Ch 6. Structures Multimedia Engineering Statics 2-D Trusses: Joints 2-D Trusses: Sections 3-D Trusses Frames and Machines
 Chapter 1. Basics 2. Vectors 3. Forces 4. Moments 5. Rigid Bodies 6. Structures 7. Centroids/Inertia 8. Internal Loads 9. Friction 10. Work & Energy Appendix Basic Math Units Sections Search eBooks Dynamics Statics Mechanics Fluids Thermodynamics Math Author(s): Kurt Gramoll ©Kurt Gramoll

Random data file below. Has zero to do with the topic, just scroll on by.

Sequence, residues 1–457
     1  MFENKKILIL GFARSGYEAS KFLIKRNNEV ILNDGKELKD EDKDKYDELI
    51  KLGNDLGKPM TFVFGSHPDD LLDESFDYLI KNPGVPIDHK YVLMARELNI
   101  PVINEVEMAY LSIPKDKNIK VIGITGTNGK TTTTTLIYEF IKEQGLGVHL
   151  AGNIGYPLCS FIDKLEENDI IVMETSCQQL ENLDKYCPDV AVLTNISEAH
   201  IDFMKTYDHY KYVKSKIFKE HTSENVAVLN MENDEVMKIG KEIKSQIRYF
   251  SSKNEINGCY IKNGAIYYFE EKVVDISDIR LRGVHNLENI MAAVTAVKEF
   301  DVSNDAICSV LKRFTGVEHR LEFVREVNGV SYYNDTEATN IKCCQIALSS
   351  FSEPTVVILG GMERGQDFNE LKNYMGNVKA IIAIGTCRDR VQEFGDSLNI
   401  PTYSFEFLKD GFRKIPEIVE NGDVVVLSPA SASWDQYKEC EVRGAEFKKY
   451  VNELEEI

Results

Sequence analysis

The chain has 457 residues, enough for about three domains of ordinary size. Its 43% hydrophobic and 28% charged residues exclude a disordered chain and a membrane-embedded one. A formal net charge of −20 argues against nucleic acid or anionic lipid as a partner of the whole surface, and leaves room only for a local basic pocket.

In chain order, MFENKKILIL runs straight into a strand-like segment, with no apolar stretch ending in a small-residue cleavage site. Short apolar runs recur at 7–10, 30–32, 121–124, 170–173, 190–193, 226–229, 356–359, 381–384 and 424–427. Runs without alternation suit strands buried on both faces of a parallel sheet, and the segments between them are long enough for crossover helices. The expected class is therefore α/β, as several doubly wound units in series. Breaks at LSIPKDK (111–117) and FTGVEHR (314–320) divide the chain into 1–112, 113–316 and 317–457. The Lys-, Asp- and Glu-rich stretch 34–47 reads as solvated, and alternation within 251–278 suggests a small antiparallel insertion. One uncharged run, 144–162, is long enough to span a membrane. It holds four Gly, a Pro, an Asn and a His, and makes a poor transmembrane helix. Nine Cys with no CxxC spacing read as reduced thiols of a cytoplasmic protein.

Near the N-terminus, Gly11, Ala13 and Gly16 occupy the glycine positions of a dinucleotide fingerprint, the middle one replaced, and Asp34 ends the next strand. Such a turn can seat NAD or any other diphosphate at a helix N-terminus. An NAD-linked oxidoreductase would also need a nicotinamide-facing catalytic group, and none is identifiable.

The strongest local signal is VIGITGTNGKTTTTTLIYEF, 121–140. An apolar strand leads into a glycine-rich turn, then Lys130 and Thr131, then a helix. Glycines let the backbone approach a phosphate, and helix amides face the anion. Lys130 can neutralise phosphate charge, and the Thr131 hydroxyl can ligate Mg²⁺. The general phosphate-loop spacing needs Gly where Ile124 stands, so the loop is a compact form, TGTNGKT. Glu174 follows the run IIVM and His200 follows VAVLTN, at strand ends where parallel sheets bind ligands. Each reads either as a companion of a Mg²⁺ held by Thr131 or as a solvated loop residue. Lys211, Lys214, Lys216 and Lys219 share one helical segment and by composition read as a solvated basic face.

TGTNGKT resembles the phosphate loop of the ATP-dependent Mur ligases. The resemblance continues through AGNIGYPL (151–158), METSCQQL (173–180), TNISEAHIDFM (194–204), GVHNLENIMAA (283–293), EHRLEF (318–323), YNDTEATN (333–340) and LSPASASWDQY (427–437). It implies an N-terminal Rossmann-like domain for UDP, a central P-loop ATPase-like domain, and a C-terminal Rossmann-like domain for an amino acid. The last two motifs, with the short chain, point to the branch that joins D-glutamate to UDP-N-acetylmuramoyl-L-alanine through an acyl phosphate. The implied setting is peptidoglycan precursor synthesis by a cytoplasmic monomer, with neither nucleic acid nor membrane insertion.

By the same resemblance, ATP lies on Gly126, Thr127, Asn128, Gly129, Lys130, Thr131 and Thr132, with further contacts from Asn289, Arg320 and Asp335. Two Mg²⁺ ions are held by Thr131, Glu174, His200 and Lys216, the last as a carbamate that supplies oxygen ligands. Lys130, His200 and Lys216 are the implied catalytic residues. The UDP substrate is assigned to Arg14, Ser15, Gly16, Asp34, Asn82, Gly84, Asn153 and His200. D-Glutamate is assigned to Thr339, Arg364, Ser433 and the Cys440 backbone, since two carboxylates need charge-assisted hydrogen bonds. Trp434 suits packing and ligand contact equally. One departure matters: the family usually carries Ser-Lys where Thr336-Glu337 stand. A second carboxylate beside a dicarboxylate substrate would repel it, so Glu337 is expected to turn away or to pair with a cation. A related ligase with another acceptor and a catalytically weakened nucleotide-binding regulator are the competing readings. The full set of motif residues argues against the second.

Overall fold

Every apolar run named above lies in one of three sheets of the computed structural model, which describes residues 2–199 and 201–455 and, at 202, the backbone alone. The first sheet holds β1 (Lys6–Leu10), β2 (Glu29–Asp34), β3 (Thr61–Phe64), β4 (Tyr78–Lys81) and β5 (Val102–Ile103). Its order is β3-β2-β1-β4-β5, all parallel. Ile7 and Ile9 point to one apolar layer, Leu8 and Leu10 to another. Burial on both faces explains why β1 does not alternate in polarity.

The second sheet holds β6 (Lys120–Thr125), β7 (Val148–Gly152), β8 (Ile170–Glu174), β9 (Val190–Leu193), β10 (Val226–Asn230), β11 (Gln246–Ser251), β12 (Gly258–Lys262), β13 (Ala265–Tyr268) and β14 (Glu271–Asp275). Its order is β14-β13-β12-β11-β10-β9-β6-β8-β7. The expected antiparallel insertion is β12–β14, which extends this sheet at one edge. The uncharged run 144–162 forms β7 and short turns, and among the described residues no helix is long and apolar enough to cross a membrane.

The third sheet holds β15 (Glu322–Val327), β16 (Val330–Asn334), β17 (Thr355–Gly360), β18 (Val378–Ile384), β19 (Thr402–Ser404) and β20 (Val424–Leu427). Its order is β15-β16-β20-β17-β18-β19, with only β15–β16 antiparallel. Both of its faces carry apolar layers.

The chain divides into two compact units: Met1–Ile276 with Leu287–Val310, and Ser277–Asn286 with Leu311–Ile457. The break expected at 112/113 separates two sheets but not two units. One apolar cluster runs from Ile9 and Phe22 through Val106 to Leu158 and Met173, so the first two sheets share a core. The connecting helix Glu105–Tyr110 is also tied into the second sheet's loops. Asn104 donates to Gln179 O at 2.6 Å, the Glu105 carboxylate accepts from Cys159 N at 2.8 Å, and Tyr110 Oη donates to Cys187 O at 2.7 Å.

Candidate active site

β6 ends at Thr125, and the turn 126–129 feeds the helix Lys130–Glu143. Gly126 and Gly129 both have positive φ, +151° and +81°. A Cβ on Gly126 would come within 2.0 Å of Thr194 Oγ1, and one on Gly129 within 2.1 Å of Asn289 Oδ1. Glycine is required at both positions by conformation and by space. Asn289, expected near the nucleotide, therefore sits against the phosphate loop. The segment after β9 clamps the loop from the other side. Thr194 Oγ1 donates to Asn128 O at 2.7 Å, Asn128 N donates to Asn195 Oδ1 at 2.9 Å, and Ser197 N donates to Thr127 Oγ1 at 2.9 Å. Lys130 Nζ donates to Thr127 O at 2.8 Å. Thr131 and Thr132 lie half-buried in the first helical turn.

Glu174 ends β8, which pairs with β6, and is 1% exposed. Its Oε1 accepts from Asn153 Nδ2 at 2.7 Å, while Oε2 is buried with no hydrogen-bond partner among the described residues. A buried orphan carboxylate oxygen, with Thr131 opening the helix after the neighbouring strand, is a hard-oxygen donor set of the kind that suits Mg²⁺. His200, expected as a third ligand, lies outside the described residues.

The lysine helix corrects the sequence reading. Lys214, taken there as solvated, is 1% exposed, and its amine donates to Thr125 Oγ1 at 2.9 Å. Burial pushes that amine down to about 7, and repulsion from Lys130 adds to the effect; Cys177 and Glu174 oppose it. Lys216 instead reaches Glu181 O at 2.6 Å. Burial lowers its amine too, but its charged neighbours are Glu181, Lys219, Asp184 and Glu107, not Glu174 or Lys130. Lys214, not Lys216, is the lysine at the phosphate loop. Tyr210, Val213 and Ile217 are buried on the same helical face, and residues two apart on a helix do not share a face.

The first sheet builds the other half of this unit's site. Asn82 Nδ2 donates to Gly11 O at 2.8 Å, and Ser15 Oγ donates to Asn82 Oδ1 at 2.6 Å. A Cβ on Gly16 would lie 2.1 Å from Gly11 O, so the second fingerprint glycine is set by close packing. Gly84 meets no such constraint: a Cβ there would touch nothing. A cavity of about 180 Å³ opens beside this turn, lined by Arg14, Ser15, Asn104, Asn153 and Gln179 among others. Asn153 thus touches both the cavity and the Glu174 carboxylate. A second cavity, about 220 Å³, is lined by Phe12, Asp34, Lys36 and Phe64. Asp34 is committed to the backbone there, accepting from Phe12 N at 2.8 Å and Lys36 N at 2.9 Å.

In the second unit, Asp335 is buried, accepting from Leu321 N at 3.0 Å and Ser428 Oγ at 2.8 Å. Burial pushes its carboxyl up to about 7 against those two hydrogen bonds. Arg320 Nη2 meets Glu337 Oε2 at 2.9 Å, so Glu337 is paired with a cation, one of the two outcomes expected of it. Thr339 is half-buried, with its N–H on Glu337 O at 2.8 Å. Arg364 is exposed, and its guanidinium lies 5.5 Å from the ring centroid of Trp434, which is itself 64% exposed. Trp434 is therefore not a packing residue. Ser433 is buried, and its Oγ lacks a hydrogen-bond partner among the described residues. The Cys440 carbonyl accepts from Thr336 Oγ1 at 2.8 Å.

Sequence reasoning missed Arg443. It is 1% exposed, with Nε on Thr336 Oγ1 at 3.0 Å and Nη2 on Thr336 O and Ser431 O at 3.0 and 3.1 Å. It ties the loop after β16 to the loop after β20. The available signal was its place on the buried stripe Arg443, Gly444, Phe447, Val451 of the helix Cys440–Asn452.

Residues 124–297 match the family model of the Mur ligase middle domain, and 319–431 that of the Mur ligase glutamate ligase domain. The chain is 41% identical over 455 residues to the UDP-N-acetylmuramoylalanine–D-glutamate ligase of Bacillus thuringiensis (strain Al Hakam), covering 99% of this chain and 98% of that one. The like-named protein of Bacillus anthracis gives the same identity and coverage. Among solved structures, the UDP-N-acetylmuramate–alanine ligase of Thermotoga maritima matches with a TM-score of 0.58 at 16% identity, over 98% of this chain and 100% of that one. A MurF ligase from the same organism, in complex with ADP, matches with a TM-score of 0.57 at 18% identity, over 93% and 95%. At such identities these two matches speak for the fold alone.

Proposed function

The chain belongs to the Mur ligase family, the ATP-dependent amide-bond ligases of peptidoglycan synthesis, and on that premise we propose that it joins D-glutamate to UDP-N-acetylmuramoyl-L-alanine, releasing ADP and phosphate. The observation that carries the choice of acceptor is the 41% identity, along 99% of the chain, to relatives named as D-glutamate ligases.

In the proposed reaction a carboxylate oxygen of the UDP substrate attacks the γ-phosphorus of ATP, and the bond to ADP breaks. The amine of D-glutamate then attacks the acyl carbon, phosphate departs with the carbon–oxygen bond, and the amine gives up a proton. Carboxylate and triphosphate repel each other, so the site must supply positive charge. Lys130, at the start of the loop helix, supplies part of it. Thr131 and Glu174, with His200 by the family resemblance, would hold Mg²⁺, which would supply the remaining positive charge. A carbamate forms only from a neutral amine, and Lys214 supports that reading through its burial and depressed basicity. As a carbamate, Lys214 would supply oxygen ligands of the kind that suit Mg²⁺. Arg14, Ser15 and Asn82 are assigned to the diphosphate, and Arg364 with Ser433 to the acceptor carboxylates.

STATICS - CASE STUDY SOLUTION Support Free Body Diagram (FBD) of Truss When solving any truss, the reaction forces at each support should be determined before trying to calculate individual member loads. Starting with a FBD of the entire truss, the basic moment equilibrium equation gives,      ΣM1 = 0      2.5(4/3 + 4) + 5(4/3 + 4) + 7.5(4/3 + 4) - 10R = 0      R = 8.0 kips Due to symmetry, the reaction forces at both the left and right wall are equal,      RL = RR = R = 8 kips Joint 1 Joint 1 With the reactions known, it is now possible to analyze joint 1. Note that both F31 and F21 are drawn away from the joint, representing tension. The two unknowns forces, F31 and F21, can be found using the two force equilibrium equations,      ΣFx = 0      - F21 - F31 cos40 = 0      ΣFy = 0      F31 sin40 + R = 0 Substituting known values and solving gives,      F31 = -8/sin40 = -12.45 kips      F21 = -F31 cos40 = 9.534 kips Joint 2 Joint 2 The value of F21, 9.534 kips, was determined at joint 1 and can now be used at joint 2. The force in member F32 is easy to determine since all members and loads are perpendicular. Summing the forces in the vertical gives,      ΣFy = 0      F32 = 1.333 kips Since there are only two horizontal member forces, they must be equal,      ΣFx = 0      F21 = F42 = 9.534 kips Joint 3 Joint 3 The value of  F31, -12.45 kips, and F32, 1.333 kips, were determined from joint 1 and joint 2, respectively. It is now possible to determine forces, F53 and F43, at joint 3,      ΣFx = 0 = cos40 [-F53 - F43 + (-12.45)]      F53 = -F43 - 12.45      ΣFy = 0 = sin40 [F53 - F43 - (-12.45)] - 4 - 1.333 Eliminating F53 gives,      0 = -2F43 - 4/sin40 - 1.333/sin40       F43 = -4.148 kips and      F53 = 4.148 - 12.45 = -8.302 kips Joint 4 Joint 4 Now that F42, 9.534 kips, and F43, -4.148 kips, are known, joint 4 can be analyzed. Due to symmetry, the left member forces are the same as the right member forces. There is only one unknown force, F54. Using ΣFy = 0 gives,       F54 + 2(-4.148) sin40 - 1.333 = 0      F54 = 6.666 kips Summary Final Loads (kips) in Truss Members As shown by the force diagram, the largest tensile force is 9.534 kips and the largest compressive force is -12.45 kips. The best truss angle, θ, that minimizes the member loads can be determined by using the truss simulation. The best angle is the largest angle possible in the simulator, 65o. Thus a steep truss reduces the load. However, the cost is higher and buckling problems will also need to be considered.

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